Shine opens with the sizzling, anthemic title track before moving into the crisp rock edges of "Crazy," a colorful statement about asserting one's independence. The blistering, hard grooving "Lucky Day" has a catchy singalong feeling and will no doubt inspire listeners to stand up to a controlling lover. The wistful and optimistic "Where Lovers Meet" offers rich rays of romantic hope, while "Bad Bad One" is a dark, moody exercise in deep self-analysis. "You DonŐt Know Me," which ruminates over the fallout from a hard breakup, begins with a mystical intro featuring filtered vocal and sonic effects. Touches of bluesy twang and funky hip-hop cool fuel the playful upbeat rapture of "Pleasure," which is balanced perfectly by (what else?) "Pain," about the harsh consequences of holding on to a love that still hurts. "Walk Away's" sharp hip-hop scratches echo Brooks' declaration that she's leaving a relationship gone sour, while "Your Name" is a good old fashioned brooding rocker that lets the listener's imagination take control of the plot. Concluding the set are folk meets alt rock tinged "High" and "Stand," a spiritual, "Bridge Over Troubled Water"-type expression of steadfast loyalty that could follow in Shine's footsteps as an inspirational anthem. Shine also includes a Dr. Phil remix of the title track.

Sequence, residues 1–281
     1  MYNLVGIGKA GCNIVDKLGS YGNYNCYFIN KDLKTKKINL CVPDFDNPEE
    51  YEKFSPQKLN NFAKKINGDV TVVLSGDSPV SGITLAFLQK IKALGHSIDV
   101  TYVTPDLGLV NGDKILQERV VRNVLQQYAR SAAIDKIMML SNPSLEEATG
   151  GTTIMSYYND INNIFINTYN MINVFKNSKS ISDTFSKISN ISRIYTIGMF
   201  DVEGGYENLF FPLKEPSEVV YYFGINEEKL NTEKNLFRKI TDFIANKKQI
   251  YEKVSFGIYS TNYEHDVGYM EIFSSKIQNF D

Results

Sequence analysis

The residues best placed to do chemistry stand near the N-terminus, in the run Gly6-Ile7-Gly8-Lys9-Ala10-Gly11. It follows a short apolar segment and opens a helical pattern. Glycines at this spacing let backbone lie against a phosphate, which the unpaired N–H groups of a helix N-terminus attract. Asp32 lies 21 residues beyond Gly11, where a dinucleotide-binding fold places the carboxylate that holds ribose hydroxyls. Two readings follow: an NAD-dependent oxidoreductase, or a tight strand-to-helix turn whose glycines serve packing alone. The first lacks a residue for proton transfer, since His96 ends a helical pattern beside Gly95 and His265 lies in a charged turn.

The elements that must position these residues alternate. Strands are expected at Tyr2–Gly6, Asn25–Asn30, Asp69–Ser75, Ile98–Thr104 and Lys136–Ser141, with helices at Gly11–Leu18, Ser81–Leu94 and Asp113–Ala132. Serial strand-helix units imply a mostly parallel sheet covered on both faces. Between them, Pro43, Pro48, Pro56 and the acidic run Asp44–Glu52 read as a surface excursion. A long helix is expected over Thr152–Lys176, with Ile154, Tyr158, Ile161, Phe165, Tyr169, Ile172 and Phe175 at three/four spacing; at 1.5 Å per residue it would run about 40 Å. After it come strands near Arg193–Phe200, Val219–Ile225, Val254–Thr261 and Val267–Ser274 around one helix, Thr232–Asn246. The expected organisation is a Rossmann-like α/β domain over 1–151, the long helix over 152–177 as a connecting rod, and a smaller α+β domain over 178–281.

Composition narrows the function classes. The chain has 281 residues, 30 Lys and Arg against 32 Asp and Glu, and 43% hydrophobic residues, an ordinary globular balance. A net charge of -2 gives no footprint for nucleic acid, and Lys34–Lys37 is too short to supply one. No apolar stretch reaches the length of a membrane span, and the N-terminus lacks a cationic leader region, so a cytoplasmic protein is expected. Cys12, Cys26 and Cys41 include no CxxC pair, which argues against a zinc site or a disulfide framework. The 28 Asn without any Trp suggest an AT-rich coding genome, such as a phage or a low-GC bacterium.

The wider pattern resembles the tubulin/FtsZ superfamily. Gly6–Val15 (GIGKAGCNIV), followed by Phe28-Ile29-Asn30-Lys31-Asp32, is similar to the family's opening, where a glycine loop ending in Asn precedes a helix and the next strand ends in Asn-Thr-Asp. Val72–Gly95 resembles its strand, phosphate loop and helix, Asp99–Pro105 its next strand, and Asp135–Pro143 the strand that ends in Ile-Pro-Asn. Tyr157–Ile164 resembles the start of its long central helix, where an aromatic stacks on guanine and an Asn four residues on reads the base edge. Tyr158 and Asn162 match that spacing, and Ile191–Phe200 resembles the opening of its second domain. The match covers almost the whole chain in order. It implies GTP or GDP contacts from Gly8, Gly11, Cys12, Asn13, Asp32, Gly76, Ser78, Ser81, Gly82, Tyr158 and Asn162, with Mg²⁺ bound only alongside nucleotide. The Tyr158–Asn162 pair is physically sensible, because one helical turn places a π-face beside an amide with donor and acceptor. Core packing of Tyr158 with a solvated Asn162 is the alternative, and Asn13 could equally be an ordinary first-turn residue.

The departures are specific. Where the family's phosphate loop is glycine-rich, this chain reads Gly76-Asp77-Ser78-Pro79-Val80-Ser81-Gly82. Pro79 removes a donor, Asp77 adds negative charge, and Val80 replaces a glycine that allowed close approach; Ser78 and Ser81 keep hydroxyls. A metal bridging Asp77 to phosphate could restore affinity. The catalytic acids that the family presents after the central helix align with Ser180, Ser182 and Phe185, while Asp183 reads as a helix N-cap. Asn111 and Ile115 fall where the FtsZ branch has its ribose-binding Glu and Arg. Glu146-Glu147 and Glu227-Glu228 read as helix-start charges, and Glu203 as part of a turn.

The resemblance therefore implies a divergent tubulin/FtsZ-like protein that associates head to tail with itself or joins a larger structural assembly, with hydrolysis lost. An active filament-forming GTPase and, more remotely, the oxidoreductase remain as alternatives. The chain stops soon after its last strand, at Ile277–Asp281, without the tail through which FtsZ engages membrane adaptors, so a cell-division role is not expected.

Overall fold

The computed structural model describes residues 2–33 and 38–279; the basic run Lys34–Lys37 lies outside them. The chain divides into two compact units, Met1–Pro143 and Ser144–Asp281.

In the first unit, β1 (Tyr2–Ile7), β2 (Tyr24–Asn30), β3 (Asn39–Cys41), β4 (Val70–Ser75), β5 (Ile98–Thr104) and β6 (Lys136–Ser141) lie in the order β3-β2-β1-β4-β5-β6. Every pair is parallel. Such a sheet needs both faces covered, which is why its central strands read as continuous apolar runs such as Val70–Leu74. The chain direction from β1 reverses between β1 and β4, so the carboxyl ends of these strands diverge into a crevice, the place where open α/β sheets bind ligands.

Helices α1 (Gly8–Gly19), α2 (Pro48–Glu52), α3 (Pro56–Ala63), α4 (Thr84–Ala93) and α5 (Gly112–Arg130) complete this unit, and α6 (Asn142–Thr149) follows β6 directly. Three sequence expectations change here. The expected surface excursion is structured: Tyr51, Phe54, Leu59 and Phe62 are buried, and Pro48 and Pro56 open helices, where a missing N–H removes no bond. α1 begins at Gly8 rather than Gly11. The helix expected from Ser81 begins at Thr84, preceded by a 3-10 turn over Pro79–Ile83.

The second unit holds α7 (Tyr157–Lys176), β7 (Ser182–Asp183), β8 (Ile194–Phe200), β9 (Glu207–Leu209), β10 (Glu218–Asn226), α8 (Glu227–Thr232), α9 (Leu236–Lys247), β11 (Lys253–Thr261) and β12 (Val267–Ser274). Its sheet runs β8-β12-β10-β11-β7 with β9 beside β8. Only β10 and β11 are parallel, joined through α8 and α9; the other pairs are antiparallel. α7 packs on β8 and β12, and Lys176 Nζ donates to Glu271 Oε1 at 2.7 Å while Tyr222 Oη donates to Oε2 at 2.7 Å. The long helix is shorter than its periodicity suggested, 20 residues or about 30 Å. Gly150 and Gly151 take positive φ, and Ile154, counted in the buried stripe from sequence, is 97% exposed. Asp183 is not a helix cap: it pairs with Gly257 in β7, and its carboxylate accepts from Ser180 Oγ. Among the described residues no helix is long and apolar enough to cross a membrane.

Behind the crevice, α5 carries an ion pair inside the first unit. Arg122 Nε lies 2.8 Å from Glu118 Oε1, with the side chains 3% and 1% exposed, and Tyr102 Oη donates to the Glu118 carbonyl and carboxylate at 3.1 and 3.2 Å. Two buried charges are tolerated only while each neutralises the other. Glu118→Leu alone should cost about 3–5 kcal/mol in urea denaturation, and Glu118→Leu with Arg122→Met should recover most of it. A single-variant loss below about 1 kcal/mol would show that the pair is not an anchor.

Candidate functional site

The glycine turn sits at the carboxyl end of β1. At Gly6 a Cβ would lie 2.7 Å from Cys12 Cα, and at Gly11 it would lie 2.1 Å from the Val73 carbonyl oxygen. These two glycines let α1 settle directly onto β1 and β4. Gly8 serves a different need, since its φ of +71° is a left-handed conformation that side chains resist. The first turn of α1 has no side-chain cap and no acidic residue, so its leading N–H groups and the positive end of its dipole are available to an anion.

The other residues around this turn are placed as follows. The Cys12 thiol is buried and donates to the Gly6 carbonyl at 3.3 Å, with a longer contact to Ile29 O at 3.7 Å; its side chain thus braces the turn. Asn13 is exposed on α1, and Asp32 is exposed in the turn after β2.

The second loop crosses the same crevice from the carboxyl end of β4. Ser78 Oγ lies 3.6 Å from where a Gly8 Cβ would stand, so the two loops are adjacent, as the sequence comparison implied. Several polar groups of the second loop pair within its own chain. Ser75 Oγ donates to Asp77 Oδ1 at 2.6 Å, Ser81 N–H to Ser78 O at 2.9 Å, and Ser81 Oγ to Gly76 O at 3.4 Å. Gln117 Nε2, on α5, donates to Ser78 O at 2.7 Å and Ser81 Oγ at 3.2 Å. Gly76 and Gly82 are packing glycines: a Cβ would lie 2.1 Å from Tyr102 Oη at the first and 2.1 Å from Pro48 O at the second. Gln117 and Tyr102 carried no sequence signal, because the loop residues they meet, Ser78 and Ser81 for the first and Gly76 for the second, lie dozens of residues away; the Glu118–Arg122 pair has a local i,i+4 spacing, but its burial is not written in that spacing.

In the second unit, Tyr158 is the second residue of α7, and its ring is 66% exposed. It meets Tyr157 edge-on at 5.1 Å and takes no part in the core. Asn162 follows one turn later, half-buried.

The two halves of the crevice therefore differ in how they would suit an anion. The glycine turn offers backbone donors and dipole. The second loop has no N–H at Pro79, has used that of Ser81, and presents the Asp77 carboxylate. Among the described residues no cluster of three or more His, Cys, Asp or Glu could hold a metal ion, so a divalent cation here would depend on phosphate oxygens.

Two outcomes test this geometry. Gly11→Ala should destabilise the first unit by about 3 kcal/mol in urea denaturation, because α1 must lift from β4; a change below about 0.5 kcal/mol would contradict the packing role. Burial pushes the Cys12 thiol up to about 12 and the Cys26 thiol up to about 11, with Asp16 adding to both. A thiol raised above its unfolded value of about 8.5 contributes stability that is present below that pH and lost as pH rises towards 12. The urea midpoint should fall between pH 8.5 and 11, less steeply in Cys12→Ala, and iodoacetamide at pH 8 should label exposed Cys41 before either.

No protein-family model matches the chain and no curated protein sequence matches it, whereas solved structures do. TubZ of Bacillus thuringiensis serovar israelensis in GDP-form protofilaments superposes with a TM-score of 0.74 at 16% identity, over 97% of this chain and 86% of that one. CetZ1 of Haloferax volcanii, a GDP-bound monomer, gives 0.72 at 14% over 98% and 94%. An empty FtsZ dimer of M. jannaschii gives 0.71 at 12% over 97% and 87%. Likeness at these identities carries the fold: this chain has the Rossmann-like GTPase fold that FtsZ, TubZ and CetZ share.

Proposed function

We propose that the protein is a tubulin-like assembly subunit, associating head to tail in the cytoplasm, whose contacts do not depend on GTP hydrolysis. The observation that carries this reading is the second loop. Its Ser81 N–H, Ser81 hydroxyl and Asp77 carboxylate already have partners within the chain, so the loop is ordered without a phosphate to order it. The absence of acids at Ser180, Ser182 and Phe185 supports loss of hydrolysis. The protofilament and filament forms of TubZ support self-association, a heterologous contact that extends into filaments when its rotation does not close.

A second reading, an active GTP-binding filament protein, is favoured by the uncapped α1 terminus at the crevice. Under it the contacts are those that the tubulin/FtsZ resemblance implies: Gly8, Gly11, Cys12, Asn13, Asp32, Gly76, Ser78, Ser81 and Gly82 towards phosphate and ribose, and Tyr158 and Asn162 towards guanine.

The delay between the recording and release of 'Shine'-follow up to her 1999 release Deconstruction--gave the Corvallis, Oregon native a chance to step out as a first call record producer and develop her own production company, Kissing Booth Music, and a growing indie label with that name. In an era where hit albums are made by committee and multiple production teams are the norm, Brooks harkened back to the old days by producing every track of singer/actress Jennifer Love Hewitt's breakthrough project Barenaked, whose Top 30 title song was one 2002's most memorable hits.

She also co-wrote and produced "Party Up," from teen sensation Hillary Duff's 2003 album Metamorphosis, and did tracks with the up and coming Texas based Barefoot, which Brooks describes as "Crosby, Stills, Nash & Young by way of Matchbox 20." The first artist signed exclusively to Kissing Booth is 15 year old Bec Hollcraft, and the two are currently in the midst of recording her debut album.